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POLS 3130 (87)
Chapter 3

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University of Guelph
Political Science
POLS 3130
Troy Riddell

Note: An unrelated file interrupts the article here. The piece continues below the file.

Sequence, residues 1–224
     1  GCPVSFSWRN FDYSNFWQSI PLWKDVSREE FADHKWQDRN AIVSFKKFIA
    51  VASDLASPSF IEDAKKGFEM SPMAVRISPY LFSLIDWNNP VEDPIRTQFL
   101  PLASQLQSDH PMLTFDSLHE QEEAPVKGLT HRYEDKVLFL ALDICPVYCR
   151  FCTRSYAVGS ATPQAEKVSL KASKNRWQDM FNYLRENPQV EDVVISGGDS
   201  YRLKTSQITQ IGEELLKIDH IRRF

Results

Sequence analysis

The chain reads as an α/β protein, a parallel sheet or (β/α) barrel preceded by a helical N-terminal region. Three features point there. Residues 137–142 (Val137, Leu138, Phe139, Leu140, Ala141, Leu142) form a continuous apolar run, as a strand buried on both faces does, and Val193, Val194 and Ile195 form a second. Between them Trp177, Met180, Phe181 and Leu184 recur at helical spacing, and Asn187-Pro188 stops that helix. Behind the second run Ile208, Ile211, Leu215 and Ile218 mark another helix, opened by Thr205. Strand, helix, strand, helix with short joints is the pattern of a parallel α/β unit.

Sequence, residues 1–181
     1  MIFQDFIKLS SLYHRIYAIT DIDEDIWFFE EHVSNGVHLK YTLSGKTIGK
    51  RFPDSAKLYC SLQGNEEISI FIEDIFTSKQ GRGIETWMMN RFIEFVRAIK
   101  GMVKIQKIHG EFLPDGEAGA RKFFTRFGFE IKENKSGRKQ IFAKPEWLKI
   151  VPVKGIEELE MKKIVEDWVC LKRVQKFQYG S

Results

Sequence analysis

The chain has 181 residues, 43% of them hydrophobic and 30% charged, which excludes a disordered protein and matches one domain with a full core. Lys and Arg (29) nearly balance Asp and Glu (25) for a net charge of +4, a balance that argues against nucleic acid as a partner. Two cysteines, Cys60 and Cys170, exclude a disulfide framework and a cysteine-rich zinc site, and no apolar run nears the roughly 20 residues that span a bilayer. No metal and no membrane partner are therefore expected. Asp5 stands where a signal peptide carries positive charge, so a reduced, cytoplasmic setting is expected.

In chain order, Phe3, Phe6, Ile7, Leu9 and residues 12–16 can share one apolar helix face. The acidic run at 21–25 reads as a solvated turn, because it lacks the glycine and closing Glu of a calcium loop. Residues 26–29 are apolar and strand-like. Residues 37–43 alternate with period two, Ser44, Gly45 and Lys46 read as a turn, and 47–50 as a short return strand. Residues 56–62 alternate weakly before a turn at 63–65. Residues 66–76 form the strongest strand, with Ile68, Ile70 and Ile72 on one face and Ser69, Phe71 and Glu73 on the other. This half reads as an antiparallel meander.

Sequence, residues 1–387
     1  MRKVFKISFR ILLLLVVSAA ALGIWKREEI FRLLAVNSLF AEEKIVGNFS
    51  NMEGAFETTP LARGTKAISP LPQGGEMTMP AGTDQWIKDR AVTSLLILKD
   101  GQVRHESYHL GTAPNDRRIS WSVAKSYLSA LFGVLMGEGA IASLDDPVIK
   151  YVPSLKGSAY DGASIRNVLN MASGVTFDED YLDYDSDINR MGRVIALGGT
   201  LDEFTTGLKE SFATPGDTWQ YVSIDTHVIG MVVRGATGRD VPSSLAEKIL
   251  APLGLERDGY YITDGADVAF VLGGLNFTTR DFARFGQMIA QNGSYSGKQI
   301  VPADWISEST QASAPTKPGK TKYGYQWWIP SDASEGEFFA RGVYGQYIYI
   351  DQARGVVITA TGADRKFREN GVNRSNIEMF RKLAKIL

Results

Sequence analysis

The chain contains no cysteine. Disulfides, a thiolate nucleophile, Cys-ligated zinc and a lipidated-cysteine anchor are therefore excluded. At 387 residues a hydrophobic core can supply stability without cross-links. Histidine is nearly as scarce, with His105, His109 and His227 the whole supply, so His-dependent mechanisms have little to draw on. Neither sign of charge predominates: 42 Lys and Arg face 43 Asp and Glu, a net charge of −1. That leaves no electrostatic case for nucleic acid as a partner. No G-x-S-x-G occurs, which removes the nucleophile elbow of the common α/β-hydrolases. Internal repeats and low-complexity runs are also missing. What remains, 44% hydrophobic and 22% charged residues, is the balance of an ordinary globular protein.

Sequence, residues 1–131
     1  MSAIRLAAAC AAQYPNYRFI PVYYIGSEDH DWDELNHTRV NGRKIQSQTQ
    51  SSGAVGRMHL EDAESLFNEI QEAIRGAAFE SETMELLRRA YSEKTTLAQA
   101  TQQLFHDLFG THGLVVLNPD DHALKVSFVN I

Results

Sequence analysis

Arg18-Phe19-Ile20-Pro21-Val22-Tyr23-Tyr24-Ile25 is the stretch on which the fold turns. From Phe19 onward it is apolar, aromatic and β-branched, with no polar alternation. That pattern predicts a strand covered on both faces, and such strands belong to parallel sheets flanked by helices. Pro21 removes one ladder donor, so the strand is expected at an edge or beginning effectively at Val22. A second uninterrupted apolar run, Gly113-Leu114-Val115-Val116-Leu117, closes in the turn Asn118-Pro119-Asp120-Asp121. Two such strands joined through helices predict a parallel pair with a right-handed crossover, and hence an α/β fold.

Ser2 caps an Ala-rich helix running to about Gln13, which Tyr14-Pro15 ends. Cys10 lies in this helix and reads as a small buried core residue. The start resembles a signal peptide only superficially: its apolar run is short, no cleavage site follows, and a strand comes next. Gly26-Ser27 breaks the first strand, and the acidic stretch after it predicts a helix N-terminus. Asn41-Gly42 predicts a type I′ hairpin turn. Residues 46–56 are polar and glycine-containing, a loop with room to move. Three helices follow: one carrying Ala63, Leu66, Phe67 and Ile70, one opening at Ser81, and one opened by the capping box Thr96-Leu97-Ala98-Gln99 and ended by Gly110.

POLS 3130 - Chapter 3: Judicial Process and Alternative Dispute Resolution  In the adjudicative model, a neutral and passive judge who is not chosen by the parties makes a binding decision by applying established legal principles to a set of facts that are presented by opposing parties in conformity with strict and formal procedural rules  4 components of judicial process 1. Access to court 2. Role of judge and number of parties 3. Fact-finding 4. Mode of reasoning  Judges adjudicate ‘concrete legal disputes’  Legal dispute involves 2 parties  Facts presented by each part must follow established legal procedures and involve ‘who did what to whom’  Arrives at conclusion by applying established legal principles to facts of case  ‘policy-making’ model assumes that its proper and desirable for courts to be involved in articulation of public values through policy level development  Operate less like adjudicators and more like legislatures or executive bodies  Easy to obtain access to courts to challenge government policy  ‘problem-solving’ model sees value in courts trying to address underlying problems or issues  Makes use of ADR techniques like mediation before trial  Judges actively involved in collection of evidence  Different courts and judges have different tendencies and one case may have elements from more than one model Access to Court: Standing, Mootness, Ripeness and Political Questions  Standing  One must be party to a legal dispute to have case heard in court  Ability to challenge constitutional validity of law – test was restrictive until was liberalized in the 1970s and early 1980s  Borowski – wanted to challenge abortion from ‘pro-life’ perspective even though wasn’t directly affected (ex. wasn’t a doctor or woman wanting abortion) or indirectly affected (ex. did not have wife or child wanting abortion) was allowed to challenge the law  Court said that standing could be granted is person affect directly by law or has ‘genuine interest as a citizen in validity of legislation and there is no other reasonable and effective manner issue can be brought before court’  Decade after Borowski Supreme Court said allowing public-interest standing by individuals and interest groups was even more important after Charter of Rights  Decision should be guided by role of courts in system of government, desirability of having both sides of issues presented by those directly affected and the resources needed to hear/decide all cases  Makes it easier for individuals/groups to use courts to challenge law and increase potential for courts to become more involved in shaping public policy  Mootness  Supreme Court affirmed courts have discretion to make decisions on moot cases where dispute is no longer ‘alive’  Three part guideline 1. If case was moot – would both sides of issue be effectively represented 2. Need to determine whether issues raised by case are important enough to use scarce judicial resource 3. Judges encouraged to think about courts’ ‘proper law-making function’ and be sensitive to judiciary’s role as ‘adjudicative branch in our political framework’  Review of case law in Canada found decisions not to hear moot cases ‘surprisingly rare’  Fact they have discretion to decide moot cases and do so frequently suggests movement toward policy making approach  Ripeness  Concerned with whether a dispute has had enough time to develop a sufficient legal and factual formation  Supreme Court said Jehovah’s Witness couldn’t challenge Quebec law threatened religious freedoms because hadn’t been charged under the law  Political questions  Stipulated that if an issue was the clear responsibility of another branch of government or if an issue lacked ‘judicially discoverable and manageable standards for resolving it’  Doctrine has been diluted over time  Purely political matters or matters that do not raise a ‘sufficient legal component’ should not be heard  Canadian Supreme Court has rejected direct applicability of the American ‘political questions doctrine’ in Canada on various occasions  Consistent with lower barriers to standing, readiness to hear moot cases and flexibility in hearing premature or speculative cases
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